The Fight for Raising Backyard Chickens in the City
For raising backyard chickens in the city, you may need to change the rules to keep an urban flock.
The face of the Chicken Revolution and Chickens In The Yard.
SALEM, OREGON – The urban chicken movement reflects a growing uneasiness among city dwellers who have come to rely, perhaps too heavily, on outside resources. As we become increasingly troubled by the economy, the environment, food safety, animal welfare and emergency preparedness, many of us strive to become more self-reliant. Now learning what our grandparents understood, we are gardening, canning food and raising chickens for eggs – activities that provide a sense of security and relaxation in an urban setting. There can be obstacles to living a more sustainable life, however.
Changing the Chicken Laws in the City
My husband and I spent three years turning our backyard into a permaculture system where everything works in harmony and little is wasted. It began with a vegetable garden. Soon, we were digging up lawn to make room for a second garden, then some fruit trees and berry bushes. Next, we installed a small greenhouse and a composter. Things were coming together, but there was one thing missing – chickens.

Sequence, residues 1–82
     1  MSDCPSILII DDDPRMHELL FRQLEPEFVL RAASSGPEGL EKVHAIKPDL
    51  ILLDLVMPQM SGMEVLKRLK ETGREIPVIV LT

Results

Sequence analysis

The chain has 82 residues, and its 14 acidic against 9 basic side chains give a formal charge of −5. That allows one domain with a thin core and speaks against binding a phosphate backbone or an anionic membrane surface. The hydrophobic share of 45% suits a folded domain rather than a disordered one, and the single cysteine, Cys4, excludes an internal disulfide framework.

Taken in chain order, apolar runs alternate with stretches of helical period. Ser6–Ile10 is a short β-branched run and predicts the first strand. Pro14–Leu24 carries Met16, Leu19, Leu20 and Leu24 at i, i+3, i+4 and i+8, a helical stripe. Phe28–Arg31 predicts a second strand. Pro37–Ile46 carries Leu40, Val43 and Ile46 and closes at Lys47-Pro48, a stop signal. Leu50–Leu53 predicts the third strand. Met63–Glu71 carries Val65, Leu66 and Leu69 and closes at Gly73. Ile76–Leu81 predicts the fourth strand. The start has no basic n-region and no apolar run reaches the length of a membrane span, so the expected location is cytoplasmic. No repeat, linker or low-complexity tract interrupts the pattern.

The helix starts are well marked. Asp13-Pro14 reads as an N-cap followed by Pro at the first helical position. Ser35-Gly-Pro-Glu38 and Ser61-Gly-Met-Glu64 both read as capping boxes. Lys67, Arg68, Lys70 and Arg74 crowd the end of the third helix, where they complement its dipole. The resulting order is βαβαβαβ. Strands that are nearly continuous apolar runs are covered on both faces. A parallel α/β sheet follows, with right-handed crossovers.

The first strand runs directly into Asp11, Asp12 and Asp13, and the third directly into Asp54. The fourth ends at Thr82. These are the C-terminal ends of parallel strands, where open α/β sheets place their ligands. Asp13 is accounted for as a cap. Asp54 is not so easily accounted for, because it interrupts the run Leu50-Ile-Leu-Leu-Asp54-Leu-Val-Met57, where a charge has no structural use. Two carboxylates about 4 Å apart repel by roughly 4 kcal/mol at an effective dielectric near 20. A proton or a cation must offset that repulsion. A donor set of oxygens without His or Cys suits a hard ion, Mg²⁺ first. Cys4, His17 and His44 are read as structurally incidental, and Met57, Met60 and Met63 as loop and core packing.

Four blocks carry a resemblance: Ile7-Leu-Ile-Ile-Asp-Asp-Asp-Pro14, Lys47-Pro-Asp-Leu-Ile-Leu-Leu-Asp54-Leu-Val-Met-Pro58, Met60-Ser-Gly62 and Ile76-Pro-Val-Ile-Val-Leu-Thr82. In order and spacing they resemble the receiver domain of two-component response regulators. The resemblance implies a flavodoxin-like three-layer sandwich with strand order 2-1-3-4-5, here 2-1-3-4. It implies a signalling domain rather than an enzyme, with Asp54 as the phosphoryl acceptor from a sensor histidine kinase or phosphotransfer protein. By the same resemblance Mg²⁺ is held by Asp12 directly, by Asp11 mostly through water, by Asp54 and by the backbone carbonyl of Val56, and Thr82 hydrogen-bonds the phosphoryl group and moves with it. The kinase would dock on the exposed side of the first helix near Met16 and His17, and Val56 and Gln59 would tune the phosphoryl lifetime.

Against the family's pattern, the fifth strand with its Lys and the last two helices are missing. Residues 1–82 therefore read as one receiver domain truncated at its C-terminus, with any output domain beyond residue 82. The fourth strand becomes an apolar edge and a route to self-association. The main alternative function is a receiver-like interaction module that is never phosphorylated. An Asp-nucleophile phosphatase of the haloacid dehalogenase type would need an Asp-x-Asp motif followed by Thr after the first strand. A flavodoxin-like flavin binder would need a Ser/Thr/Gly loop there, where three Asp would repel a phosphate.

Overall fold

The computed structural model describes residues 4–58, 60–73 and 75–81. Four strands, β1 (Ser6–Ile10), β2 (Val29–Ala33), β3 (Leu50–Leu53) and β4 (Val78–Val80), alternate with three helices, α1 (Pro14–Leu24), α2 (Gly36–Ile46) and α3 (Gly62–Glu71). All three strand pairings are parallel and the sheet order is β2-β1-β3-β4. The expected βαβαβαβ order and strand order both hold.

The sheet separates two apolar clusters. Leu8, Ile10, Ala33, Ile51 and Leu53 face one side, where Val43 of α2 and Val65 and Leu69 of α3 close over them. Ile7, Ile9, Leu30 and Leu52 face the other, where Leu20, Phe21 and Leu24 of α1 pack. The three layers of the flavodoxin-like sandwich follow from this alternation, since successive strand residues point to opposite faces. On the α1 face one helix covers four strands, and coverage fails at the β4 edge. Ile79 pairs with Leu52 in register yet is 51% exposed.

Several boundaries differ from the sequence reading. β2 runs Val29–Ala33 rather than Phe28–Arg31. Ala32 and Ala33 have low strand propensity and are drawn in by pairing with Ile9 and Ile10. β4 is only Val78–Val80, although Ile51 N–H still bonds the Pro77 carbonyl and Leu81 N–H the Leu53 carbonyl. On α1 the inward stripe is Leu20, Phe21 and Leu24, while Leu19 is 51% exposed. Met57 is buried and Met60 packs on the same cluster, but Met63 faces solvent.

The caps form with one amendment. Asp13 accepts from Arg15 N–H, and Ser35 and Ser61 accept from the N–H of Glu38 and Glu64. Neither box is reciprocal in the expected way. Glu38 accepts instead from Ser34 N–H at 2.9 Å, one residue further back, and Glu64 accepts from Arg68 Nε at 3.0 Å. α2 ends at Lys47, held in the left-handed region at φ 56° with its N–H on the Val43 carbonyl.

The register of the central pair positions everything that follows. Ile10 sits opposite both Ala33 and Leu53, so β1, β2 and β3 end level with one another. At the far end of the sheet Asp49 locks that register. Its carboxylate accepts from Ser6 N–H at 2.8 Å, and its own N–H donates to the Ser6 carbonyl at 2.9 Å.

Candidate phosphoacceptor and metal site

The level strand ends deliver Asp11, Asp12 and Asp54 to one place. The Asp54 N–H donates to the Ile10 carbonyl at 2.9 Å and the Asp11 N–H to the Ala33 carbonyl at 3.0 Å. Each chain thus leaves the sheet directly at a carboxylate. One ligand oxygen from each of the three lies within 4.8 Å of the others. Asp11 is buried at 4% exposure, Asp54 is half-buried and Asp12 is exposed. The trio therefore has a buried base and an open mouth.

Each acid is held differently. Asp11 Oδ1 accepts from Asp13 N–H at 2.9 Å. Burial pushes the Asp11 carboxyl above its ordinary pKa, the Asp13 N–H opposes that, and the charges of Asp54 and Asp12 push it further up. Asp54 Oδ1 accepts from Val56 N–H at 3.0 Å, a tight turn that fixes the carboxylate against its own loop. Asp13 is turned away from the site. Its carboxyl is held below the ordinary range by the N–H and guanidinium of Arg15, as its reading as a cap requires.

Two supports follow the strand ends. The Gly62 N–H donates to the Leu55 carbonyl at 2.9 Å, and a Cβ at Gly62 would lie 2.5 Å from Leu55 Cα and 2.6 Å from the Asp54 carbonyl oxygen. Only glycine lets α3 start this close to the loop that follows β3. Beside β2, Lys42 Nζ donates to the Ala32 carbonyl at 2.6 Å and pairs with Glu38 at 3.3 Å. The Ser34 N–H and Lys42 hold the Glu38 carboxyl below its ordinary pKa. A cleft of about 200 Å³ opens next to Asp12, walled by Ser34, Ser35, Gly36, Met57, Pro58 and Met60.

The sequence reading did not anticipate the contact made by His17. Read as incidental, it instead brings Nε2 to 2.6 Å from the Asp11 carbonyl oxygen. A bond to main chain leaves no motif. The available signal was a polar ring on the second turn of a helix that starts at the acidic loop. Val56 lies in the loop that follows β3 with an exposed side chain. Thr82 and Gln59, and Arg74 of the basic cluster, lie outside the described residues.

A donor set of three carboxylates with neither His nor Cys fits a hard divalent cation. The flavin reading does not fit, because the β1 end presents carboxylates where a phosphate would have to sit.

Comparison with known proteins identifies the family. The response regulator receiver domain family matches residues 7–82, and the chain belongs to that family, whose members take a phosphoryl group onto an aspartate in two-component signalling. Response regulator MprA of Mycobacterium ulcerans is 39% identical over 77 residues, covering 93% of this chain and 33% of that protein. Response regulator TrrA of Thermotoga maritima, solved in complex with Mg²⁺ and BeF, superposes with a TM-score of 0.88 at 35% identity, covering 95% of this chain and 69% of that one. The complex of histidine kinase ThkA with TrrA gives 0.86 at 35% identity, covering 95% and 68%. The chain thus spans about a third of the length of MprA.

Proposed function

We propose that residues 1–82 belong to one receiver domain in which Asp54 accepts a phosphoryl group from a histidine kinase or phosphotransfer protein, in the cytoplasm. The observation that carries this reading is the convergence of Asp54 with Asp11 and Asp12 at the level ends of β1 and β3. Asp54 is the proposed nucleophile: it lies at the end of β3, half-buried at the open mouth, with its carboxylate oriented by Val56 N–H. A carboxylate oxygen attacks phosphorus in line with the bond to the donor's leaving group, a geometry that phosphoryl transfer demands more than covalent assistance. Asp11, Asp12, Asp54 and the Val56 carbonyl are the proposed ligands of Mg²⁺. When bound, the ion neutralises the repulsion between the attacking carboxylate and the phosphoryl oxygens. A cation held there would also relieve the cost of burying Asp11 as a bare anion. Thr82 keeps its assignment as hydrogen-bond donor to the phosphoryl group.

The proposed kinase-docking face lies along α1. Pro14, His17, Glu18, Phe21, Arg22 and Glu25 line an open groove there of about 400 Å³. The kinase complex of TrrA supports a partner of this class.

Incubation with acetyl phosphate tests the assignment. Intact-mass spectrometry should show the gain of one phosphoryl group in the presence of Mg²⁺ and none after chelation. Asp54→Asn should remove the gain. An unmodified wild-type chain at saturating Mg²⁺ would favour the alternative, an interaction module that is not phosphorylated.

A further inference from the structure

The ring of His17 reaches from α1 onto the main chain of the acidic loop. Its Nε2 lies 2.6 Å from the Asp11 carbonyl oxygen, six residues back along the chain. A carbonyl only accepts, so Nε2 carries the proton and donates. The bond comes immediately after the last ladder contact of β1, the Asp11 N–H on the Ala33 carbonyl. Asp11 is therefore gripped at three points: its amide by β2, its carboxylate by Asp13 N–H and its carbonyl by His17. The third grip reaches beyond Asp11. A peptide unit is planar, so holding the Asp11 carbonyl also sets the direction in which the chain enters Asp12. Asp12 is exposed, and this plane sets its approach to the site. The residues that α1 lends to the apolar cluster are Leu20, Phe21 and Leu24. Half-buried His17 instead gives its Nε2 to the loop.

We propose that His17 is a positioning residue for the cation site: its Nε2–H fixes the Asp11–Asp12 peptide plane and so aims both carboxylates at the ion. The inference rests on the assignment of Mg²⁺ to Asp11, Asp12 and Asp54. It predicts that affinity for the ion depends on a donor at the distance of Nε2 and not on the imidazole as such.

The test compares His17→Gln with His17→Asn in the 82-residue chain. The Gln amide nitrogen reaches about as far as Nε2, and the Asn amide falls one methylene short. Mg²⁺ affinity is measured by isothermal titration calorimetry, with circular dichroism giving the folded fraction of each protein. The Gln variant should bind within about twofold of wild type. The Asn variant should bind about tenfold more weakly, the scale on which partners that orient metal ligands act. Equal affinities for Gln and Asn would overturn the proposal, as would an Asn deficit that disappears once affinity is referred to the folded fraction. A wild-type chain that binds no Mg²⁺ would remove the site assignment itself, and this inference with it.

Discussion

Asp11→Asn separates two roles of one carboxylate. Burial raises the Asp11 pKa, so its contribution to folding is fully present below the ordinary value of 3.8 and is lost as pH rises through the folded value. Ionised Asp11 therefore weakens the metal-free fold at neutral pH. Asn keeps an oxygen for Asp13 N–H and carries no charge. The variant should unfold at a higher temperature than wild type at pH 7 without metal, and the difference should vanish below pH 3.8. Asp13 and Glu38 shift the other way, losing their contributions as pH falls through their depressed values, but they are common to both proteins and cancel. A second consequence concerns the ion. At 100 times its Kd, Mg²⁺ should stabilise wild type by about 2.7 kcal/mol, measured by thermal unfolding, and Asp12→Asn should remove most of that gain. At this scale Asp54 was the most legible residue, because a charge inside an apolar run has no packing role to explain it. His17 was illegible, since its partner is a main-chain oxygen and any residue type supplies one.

When we looked into the legality of keeping chickens, we discovered they are not specifically mentioned in the city code. Instead, there’s a list of “approved land uses,” which include raising a 100-pound potbelly pig. A different section of the code prohibits “livestock” in the city. Later, we discovered the city’s definition of livestock includes poultry, but we weren’t worried because it also includes “all species of swine,” yet pigs are permitted. We reasoned that if you can have a pig, then certainly it would be OK to have a few harmless little hens. Because Salem’s ordinance was vague, confusing and contradictory, we gave ourselves permission to build the chicken coop.
Soon, half the yard remained traditional lawn and flower beds, and the rest had been converted into a productive ecosystem that would sustain us, while saving money and resources. My girls had just begun to lay beautiful eggs when the unthinkable happened.
In August 2008, I was shocked to discover a code compliance officer at my door. A neighbor had seen my chickens while working on his roof. It wasn’t about noise or smell. He just saw them. I refused to give up my pets without a fight.
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